Pick Me! Pick Me!

July 22, 2009 at 1:46 am (Uncategorized)

Over dinner last night (spaghetti bolognese, one of my better ones for reasons probably to do with an extra slug of red wine and very good meat), Llew casually dropped into conversation that he was called up for jury duty a week or so ago. He has to present himself at the court for jury selection at the beginning of next month, and, if chosen, may be off work for as long as two months while he performs his civic duty. At least, that’s the timeframe on his letter, which I haven’t seen. It was all news to me, first I’d heard. Which brings me to the point of today’s post: why Llew? Again? Why not me? Where’s my letter??

“I can’t believe you’ve been called up again,” I sulked into my bowl. “That’s the third time. Why can’t they ask me? I’ve never been asked, not once. Don’t they know I’m here?”

“I can’t believe you’re actually jealous about this. It’s jury duty.”

“I don’t see why they’re so keen to have you instead of me,” I said, stabbing my spaghetti. “I’d be a great juror!”

Llew laughed and laughed and laughed.

“Dumb jury duty,” I muttered. “Didn’t want to do it anyway.”

The thing is, I find the law quite fascinating, at least until we get to the subject of billable units (zzzzzzz…). And the jury concept is one of the core principles of our judicial system. It’s an experience no amount of money can buy, which is also part of its appeal. You have to be selected to serve on a jury, and as far as I can see, the reasons why you may or may not be dismissed during the selection process are subjective and at the whim of legal counsel. That all makes it a bit of a lottery. But I’ve never even advanced to the waiting room. I’ve never had the letter in the mail.

“What’s wrong with me?” I wailed to my glass of pinot, while Llew managed his hysterics on the other side of the table. “Why don’t they want me?”

The first time he was called up for selection, Llew missed out on sitting on the jury for the Ivan Milat Backpacker Murders trial. The writer in me is completely fascinated by the idea of participating in such a case, but I have to admit, I know I’d struggle with the graphic details and the evidence tendered to the court. I don’t see dead people, and that’s the way I like it. Shudder. We don’t know what he missed out on the second time, only that they chose their jury and dismissed the remainder, of which Llew was one. Professional white male… I guess the odds are against him. They can’t stack the jury with too many of those…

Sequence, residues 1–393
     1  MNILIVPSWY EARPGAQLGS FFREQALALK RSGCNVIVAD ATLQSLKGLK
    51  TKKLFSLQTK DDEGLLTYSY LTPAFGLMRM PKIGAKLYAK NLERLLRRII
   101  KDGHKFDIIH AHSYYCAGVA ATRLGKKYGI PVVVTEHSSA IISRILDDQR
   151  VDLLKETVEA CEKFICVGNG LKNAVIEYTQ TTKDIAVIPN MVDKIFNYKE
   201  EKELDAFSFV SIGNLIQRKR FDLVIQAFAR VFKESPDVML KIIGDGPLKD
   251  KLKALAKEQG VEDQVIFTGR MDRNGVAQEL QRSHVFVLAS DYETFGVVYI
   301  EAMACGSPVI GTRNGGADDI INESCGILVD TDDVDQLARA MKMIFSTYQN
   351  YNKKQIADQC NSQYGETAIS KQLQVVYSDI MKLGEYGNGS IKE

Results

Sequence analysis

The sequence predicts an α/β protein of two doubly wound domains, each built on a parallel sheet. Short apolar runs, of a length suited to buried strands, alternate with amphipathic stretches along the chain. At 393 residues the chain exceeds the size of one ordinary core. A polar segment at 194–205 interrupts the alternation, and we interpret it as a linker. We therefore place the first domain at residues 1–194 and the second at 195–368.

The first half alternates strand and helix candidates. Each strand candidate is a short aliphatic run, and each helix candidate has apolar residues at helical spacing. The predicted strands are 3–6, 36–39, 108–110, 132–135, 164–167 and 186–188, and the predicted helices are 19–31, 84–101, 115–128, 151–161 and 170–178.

But what about me…? And if the lawyers are never going to choose Llew, then why do they keep calling him up?? He just can’t understand my enthusiasm, but I’d love to see what goes on behind closed doors, I’d love to be part of the process. And then I’d like to write about it.

“You can’t write about it,” Llew said. “You can’t even talk about it. Oh my god. You’d be completely hopeless.”

“Maybe not at the time,” I said. “But later I could, I think. And anyway, I could make up a completely fictional trial and just use what I know for authenticity. But as it is I have no idea what happens when the jury retires.”

“Honey, you don’t even know what the letter looks like.”

“Thank you, Llew. Good of you to point that out.”

I bet they wouldn’t pick me anyway. I can just see one lawyer leaning across to the other and whispering, “Too eager.”

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7 Comments

  1. kate4samh said,

    Mmmm, been there, done that and it is as absolutely fascinating as you would think. Not just the trial and the law but oh my god! your fellow cross section of australian society jurors! As I had young children at the time I would’ve qualified for an exemption but NO WAY!! By the way, I am trying to say I absolutely know where you are coming from, not trying to rub it in!

  2. davidrochester said,

    I’m always amused by the concept of a jury of one’s peers. I, for one, am without peer.

  3. Elvis said,

    Di, there is always sitting in the gallery. You aren’t as special as a juror (and you don’t get paid), but its equally fascinating, you can write about it and you can grab a coffee during boring legal arguments.

    Ps – City2Surf sub 70?

  4. Simonne said,

    Hilarious! These are the sorts of conversations my husband and I have (that invariably end in total hysterics). I can so see your curiosity, though. I got THE letter once, but my work wouldn’t let me go 😦

  5. doctordi said,

    Green with envy, Kate. Green.

    I think it’s your modesty I like best, David.

    Elvis – long time no comment! Welcome back! Yes, I have thought about that, but that just seems like skiving when I should be writing, whereas if you’re on the jury, well, you’ve gotta be there, it’s perfectly legitimate and not a sophisticated avoidance tactic at all. But tempting if I get writer’s block. City2Surf sub 70 is feeling unlikely given I haven’t been able to run for the past month post-laparoscopy… but we’ll talk.

    Simonne, those bastards!! How could they deny you?! And glad to know we’re not the only ones!

  6. Pete said,

    I can just see the lawyers going “a novelist? her imagination will run wiiiild! Next …” But I think you would be a great juror because you take notice of all the details and I would love to read your account of it, right down to the all the whacky characteristics of your fellow jurors. Watching from the gallery is just not the same.

  7. doctordi said,

    I don’t think I get to call myself a novelist, Pete, but thank you, I hope to claim that as my occupation one fine day! And I agree it would be a forum rich with creative potential… I also agree that sitting in the public gallery just doesn’t quite cut it. I want to be in the back room. Badly.

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